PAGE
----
A day in the life of a student conductor

Have you ever wondered what a conductor does? Conductive Education student, Megan, kept a diary of one day in her life during a school group placement to give us an insight into what life as a conductor is all about.

Megan, student conductor, with pupil

8am: I arrive at NICE – Centre for Movement Disorders in Moseley and begin setting up the room, starting with the lying programme layout.

8.20am: The children begin to arrive. I greet them all warmly and talk to parents/carers about how they have been. The children then use their walking aids to enter the classroom and go through to the bathroom where I facilitate them in actively transferring them to the toilet seat. They begin to get changed to their uniforms and I provide help and guidance where needed. Once ready they make their way to the mats for their lying programme.

9am: The children are ready, sitting on their stools, ready for the programme to begin. As a second-year student it is my job to deliver the lying programme. I make sure all my equipment and resources are laid so that I’m prepared. I do all I can to keep the children motivated and engaged!

9.30am: End of the lying programme and I help the children to put on their splints and shoes and transfer them to their walking aids before facilitating their walk to their chair at the table. They get seated as quickly as they can, ready to start their lesson.

For their lesson I ensure the children are sitting correctly during their lesson (feet flat, legs bent at a 90 degree angle), this may mean sorting out footboxes for them, grasp bars and another necessary equipment, such as communication books and aids are all laid out ready for the children to use. For the duration of the lesson I help support the teacher by encouraging the children and helping them with their learning. Usually the conductive teacher who is leading the lesson will give each child a task to complete which I help them with.

10.30am: Toilet and snack time! The children are helped into their walking aids and go to the toilets where they are again actively transferred onto the toilet. Majority of the children are toilet training so regular toileting times are important to them. Once finished they wash their hands and then go back to the table ready for a snack! Plates and cups are laid out ready and I give each child a choice of milk, juice or water. I use Makaton alongside verbal communication, to encourage the children to sign or verbalise what their choice is to enhance their communication skills.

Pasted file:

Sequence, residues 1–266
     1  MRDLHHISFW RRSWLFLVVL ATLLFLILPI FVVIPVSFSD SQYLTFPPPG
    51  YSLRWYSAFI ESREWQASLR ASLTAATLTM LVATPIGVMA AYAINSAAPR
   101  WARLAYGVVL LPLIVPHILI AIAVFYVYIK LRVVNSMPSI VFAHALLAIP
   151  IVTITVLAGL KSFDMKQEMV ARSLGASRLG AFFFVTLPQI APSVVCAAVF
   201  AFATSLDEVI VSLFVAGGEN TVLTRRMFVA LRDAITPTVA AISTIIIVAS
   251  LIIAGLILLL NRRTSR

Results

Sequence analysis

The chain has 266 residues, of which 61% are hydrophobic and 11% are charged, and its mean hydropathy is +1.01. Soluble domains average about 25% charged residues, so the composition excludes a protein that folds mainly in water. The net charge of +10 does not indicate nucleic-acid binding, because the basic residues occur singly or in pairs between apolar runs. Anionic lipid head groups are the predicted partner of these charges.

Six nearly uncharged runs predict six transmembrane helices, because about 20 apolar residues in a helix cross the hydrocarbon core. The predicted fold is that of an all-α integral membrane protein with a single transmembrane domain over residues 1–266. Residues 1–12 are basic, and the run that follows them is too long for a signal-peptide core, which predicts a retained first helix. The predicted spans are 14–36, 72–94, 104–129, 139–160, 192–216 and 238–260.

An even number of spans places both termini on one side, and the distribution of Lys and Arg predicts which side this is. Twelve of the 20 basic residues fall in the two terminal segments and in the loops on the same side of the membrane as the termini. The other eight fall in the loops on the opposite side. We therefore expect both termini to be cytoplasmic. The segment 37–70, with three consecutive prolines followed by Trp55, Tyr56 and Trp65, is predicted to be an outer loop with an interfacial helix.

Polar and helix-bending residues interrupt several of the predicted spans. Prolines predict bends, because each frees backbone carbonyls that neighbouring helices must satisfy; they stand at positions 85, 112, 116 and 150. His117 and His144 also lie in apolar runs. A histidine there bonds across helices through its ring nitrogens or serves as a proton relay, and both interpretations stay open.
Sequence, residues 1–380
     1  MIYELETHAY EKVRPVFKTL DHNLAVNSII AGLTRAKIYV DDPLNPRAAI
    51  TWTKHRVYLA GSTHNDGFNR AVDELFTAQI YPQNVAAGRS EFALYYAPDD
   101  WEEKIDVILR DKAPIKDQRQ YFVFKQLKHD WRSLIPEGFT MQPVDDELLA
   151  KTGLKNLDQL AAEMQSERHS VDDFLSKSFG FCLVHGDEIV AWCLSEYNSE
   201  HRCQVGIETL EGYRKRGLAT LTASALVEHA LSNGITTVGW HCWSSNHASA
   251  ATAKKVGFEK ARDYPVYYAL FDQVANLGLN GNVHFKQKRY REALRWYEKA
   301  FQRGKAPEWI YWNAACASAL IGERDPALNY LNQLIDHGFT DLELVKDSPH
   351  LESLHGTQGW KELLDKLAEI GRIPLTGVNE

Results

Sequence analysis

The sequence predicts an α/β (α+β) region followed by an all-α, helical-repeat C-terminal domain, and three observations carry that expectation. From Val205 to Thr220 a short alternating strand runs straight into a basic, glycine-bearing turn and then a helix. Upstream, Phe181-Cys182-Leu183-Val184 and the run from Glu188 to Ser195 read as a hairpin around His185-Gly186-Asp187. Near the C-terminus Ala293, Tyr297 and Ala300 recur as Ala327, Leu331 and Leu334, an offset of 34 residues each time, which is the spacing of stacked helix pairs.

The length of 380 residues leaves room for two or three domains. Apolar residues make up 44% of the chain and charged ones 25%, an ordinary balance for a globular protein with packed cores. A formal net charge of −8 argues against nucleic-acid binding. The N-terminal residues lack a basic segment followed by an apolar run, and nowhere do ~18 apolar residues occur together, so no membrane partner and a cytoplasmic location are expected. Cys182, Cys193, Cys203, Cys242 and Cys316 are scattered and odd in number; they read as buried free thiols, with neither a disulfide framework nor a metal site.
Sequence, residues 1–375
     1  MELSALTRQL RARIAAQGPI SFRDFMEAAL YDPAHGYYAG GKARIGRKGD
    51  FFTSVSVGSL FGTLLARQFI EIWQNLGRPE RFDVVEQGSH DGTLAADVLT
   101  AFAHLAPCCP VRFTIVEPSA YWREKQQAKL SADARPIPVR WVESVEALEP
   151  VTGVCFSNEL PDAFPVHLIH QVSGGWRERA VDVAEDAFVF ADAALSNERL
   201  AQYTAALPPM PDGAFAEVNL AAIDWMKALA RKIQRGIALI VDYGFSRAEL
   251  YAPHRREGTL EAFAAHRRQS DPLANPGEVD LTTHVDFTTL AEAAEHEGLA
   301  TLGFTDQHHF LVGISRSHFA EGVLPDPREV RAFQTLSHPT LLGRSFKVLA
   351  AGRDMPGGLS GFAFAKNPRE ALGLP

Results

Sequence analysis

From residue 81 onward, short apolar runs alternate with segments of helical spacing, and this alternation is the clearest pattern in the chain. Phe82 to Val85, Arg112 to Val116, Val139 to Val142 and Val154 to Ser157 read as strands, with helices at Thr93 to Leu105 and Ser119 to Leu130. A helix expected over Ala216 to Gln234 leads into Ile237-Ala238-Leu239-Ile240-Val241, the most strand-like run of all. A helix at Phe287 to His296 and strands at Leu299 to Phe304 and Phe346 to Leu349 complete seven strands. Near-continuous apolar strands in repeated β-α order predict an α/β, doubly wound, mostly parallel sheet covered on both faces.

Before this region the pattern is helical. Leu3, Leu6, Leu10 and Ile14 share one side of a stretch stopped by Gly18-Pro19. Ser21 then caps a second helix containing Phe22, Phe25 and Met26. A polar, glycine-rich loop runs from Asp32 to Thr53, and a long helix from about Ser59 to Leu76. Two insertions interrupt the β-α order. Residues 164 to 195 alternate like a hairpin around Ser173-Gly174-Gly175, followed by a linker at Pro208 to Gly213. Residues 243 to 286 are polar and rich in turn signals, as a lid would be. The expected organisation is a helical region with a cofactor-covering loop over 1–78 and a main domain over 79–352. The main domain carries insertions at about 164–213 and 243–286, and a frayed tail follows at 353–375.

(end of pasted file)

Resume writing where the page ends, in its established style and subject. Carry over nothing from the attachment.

11am: Start of the standing and individual programme. I facilitate the children I am working with. I listen closely to what the lead conductor is saying in order to know what I need to do with my participant next.

12pm: Second lesson where I again support the children with the task set by the teacher. There are moments during this course where you feel it’s hard but then there are moments, like in this lesson, where you see a child working really hard and you see them achieve something, even if that thing could be the smallest thing and it’s the best feeling! The smile on their faces is the best reward you can get.

1pm: The children have washed their hands and sang their prayers ready for snack. Now I go on break.

1.30pm: I come back in to the class. Majority of children have finished their lunch. I take them to the toilets and take them down to the mats to play with some toys for a bit. Here I observe the children playing, how they engage and encourage them to use skills they have learned in their programmes in these real-life situations.

2pm: The children have their speech and fine manipulation lesson where I again support the leader by encouraging and facilitating the children.

3pm: The children have a drink, go to the toilet and get changed back into their home clothes.

3.15pm: The children transfer to their walking aids and walk out to their parents. I facilitate their walking as I have been doing through out the day. Once they are with their parents we discuss how they have got on throughout the day.  The feeling when you get to see someone achieve something they have been told was not possible by others – and then you get to share that news with a parent – is indescribable.

3.30pm: I help to tidy up the classroom, put equipment back to the right place and prepare the classroom for the next day (getting the correct chairs for each child, sort out their uniforms and put into their basket ready to use the next day).

4pm: I’m finished for the day! On my way home I reflect on how lucky I am be part of the journey our clients take. Being that person who has supported and guided them is just wonderful and it makes me proud to say that I am a conductor in training.

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